Britannia's biography of John Wycliffe highlights some of his criticisms of the Church, and also tells how certain of his followers became known as Lollards. In the last twenty years or so of the fourteenth century, Lollards became a serious threat to the established Church.
Lollards believed that Christianity should be closely based on the Bible; that everyone should have access to a vernacular Bible; and that everyone should be allowed to interpret its meaning for themselves. This posed a threat at the time because the Church was the sole authority on the Bible, and it was usually its interpretation of the Bible that permeated society.
At a time when there was plenty of criticism of the Papacy and the clergy, Wycliffe went a step further and suggested that the clergy should be separated from secular matters so that they could concentrate on spiritual affairs. Lollards wanted the clergy to live off alms and their own labour, rather than from the labours of others. Their concern was that the clergy had become so caught up in secular affairs that they had forgotten their spiritual obligations.
The Lollard use of the Bible as the main authority of Christian faith also gave them justification for criticising some of the practices of the Church. For instance, the fifth of the conclusions which the Lollards posted outside Westminster Hall in 1395 referred to the use of, amongst other things, "water … salt and oyle and encens, the ston of the auter, upon uestiment, mitre, crose and pilgrimes" as the "uerray practy[s] of nigromancie rathere thanne of the holi theologie". Other critics of the time questioned some of the Church's practices, but they did so because they saw them as misguided - the Lollards sought to have 'superstitious' practices removed because they had no scriptural justification.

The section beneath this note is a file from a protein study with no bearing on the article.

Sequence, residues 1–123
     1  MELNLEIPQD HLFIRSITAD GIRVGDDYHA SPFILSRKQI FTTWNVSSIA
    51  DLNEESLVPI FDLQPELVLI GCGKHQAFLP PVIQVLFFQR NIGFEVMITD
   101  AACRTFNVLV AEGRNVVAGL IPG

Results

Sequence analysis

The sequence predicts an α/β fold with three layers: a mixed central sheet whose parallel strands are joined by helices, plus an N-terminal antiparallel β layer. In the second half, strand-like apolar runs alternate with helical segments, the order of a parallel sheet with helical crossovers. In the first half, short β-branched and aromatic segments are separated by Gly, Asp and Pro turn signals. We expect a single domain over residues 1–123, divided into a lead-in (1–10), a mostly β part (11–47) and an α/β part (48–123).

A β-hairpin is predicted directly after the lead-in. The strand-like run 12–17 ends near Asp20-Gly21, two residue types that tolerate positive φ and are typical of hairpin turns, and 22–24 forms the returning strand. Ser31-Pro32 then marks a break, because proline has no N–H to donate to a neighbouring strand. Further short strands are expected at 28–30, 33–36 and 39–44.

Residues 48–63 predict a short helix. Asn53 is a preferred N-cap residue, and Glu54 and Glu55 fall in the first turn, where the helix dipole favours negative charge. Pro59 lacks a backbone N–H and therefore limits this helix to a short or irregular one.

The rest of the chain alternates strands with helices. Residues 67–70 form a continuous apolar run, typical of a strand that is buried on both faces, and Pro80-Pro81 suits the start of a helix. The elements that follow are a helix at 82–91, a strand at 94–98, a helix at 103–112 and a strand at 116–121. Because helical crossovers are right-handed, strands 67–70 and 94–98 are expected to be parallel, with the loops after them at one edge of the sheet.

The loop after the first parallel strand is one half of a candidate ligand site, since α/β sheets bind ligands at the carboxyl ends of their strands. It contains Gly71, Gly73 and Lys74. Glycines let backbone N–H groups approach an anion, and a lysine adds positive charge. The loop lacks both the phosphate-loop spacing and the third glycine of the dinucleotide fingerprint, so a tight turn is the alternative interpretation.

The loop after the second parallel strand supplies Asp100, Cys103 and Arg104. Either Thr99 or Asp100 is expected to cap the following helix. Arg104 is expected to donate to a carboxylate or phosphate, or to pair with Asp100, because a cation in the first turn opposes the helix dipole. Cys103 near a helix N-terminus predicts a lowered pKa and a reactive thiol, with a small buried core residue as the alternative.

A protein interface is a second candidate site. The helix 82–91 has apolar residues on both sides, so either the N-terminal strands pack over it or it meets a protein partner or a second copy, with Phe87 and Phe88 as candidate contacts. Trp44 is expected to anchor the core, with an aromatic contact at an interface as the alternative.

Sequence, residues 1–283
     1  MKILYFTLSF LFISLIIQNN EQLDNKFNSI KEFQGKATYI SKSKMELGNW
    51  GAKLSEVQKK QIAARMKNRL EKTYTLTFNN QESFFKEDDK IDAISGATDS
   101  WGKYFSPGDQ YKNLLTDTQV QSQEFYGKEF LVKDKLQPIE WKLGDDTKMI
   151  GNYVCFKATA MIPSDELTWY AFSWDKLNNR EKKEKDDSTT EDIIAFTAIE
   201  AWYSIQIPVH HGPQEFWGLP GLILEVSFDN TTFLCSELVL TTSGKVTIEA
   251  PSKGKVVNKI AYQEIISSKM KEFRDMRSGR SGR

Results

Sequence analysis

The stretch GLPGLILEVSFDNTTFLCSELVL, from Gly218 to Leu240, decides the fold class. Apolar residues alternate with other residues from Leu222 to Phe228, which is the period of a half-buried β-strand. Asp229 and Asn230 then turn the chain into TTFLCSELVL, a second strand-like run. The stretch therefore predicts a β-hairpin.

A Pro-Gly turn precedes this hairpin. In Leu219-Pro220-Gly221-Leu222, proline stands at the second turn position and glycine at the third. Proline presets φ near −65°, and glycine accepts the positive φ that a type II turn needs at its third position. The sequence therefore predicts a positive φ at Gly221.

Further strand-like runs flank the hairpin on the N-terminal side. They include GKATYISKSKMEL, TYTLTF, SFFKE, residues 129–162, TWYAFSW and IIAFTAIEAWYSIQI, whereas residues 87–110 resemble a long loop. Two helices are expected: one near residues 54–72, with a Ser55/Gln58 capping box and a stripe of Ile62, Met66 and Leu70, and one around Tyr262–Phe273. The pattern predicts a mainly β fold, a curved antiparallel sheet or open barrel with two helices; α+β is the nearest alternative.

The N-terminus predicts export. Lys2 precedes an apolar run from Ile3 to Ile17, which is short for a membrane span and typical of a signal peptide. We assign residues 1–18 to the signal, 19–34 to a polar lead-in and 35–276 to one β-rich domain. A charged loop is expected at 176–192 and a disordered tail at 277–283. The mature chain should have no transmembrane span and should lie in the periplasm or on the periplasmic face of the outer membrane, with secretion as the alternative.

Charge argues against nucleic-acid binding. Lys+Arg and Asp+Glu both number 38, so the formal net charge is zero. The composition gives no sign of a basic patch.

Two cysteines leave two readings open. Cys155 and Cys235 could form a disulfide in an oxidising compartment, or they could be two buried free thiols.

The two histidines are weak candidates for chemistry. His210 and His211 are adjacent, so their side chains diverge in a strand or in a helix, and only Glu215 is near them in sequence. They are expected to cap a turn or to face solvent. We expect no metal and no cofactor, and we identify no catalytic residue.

Another important part of Wycliffe's teaching was the idea of predestination, whereby only those preselected would enjoy salvation in heaven when they died. This, again, was an implicit attack on the function of the Church. A central tenet of Catholicism up to this point was the belief that salvation could be achieved through good behaviour and charitable works. A chief function of the clergy was to help the laity achieve this grace, via the sacraments such as the Eucharist, and confession, whereby repentant sinners might be forgiven. The idea that only those who were predestined for salvation would get to heaven directly threatened the belief that good acts on earth might influence one's chances of getting to heaven. During the course of the fifteenth century, the Lollards began to see themselves as separated from their fellow conforming Christians, and that they had a better chance of being one of the elect than if they were just a member of the established Church.